Francisco Zaldana, MD and Lisa Radkay, MD
University of Texas Health Science Center
San Antonio, Texas

Disclosure: We do not have any affiliations or financial interests in any of the corporate organizations involved with the products to which our case study will refer.

Continuing Medical Education (CME): The American Society of Cytopathology is accredited by the Accreditation Council for Continuing Medical Education (ACCME) to provide continuing medical education for physicians.

The American Society of Cytopathology designates this enduring educational activity for a maximum of 1 AMA PRA Category 1 credit(s).TM Physicians should only claim credit commensurate with the extent of their participation in the activity.

American Board of Pathology Continuing Certification (CC): This product can help fulfill the CME requirements and Self-Assessment Modules (SAMs) mandated by the American Board of Pathology CC process.

Continuing Medical Laboratory Education (CMLE): The ASC designates this activity for the indicated number of CMLE credit hours and also fulfills requirements of the ABMS to participate in the Maintenance of Certification program.

This program is approved for continuing education credits in the State of Florida for 1 credit and the State of California for ½ credit.

Disclosure for Education Planners

Review the Case Study and visit the ASC Web site (https://education.cytopathology.org/) to take the test for Continuing Education Credit.

Clinical History

78-year-old male with a past medical history of multiple comorbidities including type 2 diabetes mellitus (T2DM), hypertension (HTN), chronic kidney disease (CKD), and hyperlipidemia with an extensive smoking history. The patient had no significant medical family history.

On exam by the primary care physician, the thyroid felt enlarged, low lying, and with palpable left nodule. A thyroid ultrasound was obtained which demonstrated a solid hypoechoic nodule in the left thyroid lobe measuring 2.7 x 1.8 x 1.6 cm with scattered microcalcifications within the nodule, and a second slightly hypoechoic solid nodule in the right lobe measuring 1.3 cm in greatest dimension. Fine needle aspiration was performed of the left thyroid nodule, which showed the diagnosis.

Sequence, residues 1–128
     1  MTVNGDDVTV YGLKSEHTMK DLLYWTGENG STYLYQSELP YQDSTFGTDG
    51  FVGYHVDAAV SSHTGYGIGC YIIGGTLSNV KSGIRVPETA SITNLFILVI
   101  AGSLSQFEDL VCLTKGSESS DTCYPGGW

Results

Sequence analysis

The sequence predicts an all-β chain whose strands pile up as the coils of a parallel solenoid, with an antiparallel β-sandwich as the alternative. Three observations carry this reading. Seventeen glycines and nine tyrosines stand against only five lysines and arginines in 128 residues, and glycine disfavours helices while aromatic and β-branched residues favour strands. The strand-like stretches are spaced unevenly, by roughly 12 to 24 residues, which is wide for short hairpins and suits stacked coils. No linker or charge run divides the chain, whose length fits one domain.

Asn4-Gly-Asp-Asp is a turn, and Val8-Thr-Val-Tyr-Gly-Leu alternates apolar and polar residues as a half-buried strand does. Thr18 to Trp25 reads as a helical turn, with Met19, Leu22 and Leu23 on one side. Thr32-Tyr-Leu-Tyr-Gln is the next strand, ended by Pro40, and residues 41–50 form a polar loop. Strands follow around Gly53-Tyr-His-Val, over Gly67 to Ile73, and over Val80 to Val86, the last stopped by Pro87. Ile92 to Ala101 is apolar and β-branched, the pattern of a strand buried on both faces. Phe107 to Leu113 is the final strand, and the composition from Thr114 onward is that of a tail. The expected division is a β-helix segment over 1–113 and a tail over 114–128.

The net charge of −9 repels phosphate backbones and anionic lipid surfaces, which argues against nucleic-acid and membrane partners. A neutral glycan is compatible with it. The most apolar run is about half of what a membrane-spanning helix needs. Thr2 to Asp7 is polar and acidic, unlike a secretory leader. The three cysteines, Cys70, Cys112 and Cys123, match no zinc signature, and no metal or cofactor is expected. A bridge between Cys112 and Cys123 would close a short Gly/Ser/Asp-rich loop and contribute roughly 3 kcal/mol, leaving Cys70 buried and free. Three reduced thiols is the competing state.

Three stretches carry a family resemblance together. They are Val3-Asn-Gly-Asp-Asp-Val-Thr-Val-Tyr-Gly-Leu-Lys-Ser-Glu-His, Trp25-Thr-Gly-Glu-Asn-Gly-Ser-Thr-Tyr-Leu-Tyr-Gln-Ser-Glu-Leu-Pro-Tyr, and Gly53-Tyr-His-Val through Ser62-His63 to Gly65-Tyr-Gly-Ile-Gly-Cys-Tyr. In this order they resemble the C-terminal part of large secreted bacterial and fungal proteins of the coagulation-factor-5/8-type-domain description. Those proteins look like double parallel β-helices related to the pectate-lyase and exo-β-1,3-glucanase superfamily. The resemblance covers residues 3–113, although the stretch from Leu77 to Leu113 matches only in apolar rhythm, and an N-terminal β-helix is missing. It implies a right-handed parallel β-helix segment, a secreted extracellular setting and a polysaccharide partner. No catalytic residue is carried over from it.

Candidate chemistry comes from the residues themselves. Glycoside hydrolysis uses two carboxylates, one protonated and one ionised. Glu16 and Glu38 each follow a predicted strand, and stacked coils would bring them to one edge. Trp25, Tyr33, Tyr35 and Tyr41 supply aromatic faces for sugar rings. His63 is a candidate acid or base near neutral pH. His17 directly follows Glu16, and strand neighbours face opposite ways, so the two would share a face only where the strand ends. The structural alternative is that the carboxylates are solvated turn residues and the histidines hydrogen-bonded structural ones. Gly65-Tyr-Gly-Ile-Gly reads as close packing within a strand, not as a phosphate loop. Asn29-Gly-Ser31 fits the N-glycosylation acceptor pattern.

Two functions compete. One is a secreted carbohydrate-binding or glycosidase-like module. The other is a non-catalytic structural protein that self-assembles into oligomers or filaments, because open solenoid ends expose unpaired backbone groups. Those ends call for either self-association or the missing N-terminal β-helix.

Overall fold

Cytopathology Features

Medullary thyroid carcinoma is a relatively rare tumor that has a broad range of histologic features with many variants that overlap with other tumors in the thyroid. Most often it is described cytologically as numerous non-cohesive cells, with some loose clusters, composed of epithelioid, plasmacytoid, and/or spindle shaped cells with round or elongated nuclei, granular chromatin, inconspicuous nucleoli, with the possibility of pseudo inclusions, multiple nucleoli, red cytoplasmic granules, and amyloid [2]. Additionally, the tumor can contain entrapped benign follicular cells, and may have calcifications or psammoma bodies.

The broad morphologic features although well documented may lead to misdiagnosis by an unsuspecting pathologist, so medullary thyroid carcinoma must always be in the differential when looking at an atypical thyroid nodule, especially in cytology due to limited sampling.

Figure 1: Ultrasound of left thyroid, showing a hypoechoic nodule

Figure 2: Air dry smear (400X, Diff Quik stain) is cellular and shows loosely cohesive groups of cells with pleomorphic nuclei some with elongated/ spindled morphology. No colloid or macrophages are appreciated in the background.

Figure 3: Alcohol fixed smear (Pap stain) shows small clusters of cells with increased nuclear to cytoplasmic ratio without pseudonuclear inclusions or nuclear grooves appreciated, 600X

Figure 4: 600x H&E of cell block material obtained at time of fine needle aspiration. Cells with irregular nuclear membranes and chromatin pattern, 600X.